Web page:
Time marches on.
Former Chicago Police Supt. Eddie Johnson is a man with a broken heart.
“I still love the city and the (police) department, and this is absolutely breaking my heart to see the violence happening in the city,” texted the former African American top cop who grew up in Cabrini-Green housing projects.
Johnson has kept silent since his dramatic firing in December 2019, a month earlier than his planned retirement, by a visibly angry Mayor Lori Lightfoot claiming he had lied to her in the midst of a preliminary probe of a drinking-and-driving incident.
“All of us should stand for no violence in Chicago,” Johnson said, referring to the looting and burning of Chicago shops and businesses following peaceful marches protesting the monstrous Minneapolis cop killing of African American George Floyd.
Let’s march back in time.
In August 2018, Johnson, who has remained mum awaiting the release of a final report on the incident by City Inspector General Joe Ferguson — melded into top cop and a protester at the same time.
That’s when Johnson decided to march arm-in-arm with the Rev. Michael Pfleger alongside thousands of anti-violence protesters down the Dan Ryan Expressway after an August 2018 weekend of bloody carnage in Chicago’s violence-torn black neighborhoods.
Johnson claimed then he never intended that to happen.
“It was a last-minute decision,” he told Sneed. “It turned out to be the right thing to do, but I agonized over those few decisive seconds.”
“I suppose you could say it was like an epiphany,” Johnson said back then.
“There was conflict within me doing that . . . and only for a second did I wonder about my job. . . but here’s what won the day,” he said. “I wondered what my mom and dad would want me to do. What the man in me would have done. And the police side of me.
“But all of these parts added up to this answer: to be against violence.
“I remember watching Rev. Jesse Jackson’s face when I joined the march. It was something to see. We should all be about non-violence and saving lives. We have to be in it together,” he said then.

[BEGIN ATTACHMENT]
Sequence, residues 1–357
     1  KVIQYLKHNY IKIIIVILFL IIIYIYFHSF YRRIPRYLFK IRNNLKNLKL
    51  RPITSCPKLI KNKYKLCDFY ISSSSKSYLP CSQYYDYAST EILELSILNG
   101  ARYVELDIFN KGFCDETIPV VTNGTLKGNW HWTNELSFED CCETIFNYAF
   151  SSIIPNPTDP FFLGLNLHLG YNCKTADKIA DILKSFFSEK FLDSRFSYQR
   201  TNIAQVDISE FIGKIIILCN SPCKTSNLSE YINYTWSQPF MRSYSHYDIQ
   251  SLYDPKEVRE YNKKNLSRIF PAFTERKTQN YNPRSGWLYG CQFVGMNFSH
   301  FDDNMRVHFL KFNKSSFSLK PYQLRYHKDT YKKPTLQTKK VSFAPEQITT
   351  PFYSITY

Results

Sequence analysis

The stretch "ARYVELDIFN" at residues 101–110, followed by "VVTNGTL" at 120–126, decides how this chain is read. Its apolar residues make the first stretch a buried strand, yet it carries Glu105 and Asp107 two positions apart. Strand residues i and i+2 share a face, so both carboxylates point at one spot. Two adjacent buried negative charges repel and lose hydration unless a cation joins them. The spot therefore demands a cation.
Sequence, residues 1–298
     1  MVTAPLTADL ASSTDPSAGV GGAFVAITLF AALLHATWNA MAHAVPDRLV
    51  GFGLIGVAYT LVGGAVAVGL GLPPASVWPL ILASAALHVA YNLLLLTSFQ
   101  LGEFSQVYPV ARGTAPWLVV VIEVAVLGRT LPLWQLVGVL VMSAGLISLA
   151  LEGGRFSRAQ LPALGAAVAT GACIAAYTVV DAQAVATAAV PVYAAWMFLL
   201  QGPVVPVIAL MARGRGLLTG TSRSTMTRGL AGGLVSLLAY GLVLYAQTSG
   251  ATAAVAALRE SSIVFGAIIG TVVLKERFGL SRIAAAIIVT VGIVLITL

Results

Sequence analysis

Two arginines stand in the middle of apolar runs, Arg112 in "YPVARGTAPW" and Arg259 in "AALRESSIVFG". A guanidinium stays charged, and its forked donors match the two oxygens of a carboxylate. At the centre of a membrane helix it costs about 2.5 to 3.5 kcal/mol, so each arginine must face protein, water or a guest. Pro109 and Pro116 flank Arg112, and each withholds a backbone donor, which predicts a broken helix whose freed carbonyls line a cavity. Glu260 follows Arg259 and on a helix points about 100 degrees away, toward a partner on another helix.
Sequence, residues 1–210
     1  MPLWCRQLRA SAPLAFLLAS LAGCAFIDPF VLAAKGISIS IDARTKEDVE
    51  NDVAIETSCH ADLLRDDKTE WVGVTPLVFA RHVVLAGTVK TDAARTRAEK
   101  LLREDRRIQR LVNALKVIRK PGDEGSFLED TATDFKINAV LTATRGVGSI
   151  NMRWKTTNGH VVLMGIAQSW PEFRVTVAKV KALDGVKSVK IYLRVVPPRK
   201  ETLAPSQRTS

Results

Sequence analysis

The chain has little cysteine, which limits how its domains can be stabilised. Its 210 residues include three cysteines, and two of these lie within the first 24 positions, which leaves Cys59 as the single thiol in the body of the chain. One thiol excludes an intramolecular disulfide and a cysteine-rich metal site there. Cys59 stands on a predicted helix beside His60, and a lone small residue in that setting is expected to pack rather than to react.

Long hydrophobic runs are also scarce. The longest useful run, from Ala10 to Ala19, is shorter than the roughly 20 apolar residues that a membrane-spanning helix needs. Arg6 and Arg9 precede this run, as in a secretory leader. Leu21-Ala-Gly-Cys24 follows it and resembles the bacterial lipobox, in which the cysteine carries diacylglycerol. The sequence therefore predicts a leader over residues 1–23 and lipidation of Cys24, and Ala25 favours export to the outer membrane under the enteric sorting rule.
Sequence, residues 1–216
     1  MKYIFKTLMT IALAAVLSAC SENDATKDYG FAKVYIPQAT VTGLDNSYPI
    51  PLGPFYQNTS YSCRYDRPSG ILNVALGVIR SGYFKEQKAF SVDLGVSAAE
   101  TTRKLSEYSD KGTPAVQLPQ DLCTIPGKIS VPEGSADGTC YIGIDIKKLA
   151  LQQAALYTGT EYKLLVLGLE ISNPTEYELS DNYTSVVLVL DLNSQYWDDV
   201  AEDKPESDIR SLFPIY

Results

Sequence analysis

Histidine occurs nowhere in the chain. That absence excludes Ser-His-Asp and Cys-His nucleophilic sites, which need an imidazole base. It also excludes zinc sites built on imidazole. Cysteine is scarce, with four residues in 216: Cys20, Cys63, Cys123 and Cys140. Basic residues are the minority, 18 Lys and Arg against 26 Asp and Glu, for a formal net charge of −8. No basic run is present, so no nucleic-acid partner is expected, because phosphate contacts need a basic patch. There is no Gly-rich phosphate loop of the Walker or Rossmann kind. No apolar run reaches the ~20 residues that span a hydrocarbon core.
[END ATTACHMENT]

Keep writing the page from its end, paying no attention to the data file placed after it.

“And we can’t ignore the elephant in the room: the fact many people in the black community don’t trust the police, their fear of retribution from gang-bangers for cooperating in investigations, or fear the detectives won’t do their jobs if they do cooperate,” he said.
“We know we’ve all got to work on and repair these relationships and develop trust in being able to keep people safe if they decide to testify in court.”
Has he marched this time?
“No, I haven’t,” he texted.
“Just watching from afar.
“Remember, Mike, my immune system is compromised by my kidney transplant, so I can’t afford COVID right now.”
“But,” he added. “We will endure.”
Breaking bad . . .
It was love in the time of the coronavirus.
One plate at a time.
Thus, restaurateur Phil Stefani stepped up to the plate and at his calculation put his free food truck in gear and sped 15,000 free meals to the city’s first responders, which included hospitals and all the police and fire stations minus three, during the first three months of COVID-19.
“It was the right thing to do. No regrets,” said Stefani, who owns or manages 14 eateries in Chicago and its suburbs.
Then it happened.
On Saturday night — in the midst of “rioters” looting during the peaceful protests — all hell broke loose when he video checked their River North property, Bar Cargo, minutes after they sent their employees home at 9 p.m.
“Fifteen seconds into the video, we watched car after car pull up and break into the bar and load up with our specialty Roman pizzas; liquor; wine; iPads; and computers,” said Stefani. “Then they trashed a restaurant across the street.”
“These people weren’t the protesters with a righteous cause,” he said. “These were rioters; white as well as black; organized and on a mission to steal.”
Does Stefani regret the largess of his donation?
“I have no regrets helping heroes,” he added.
Sneedlings . . .
Memo to the big bunches of men and women in blue gabbing it up in less than arm’s length groups at monitored traffic entrances at Oak Street and Lake Shore Drive: No masks either? . . . . Saturday’s birthdays: Carole Baskin, 59; Vic Mensa, 27; and DeAndre Hopkins, 28. . . . Sunday’s birthdays: Liam Neeson, 68; Allen Iverson, 45; and Mike Pence, 61.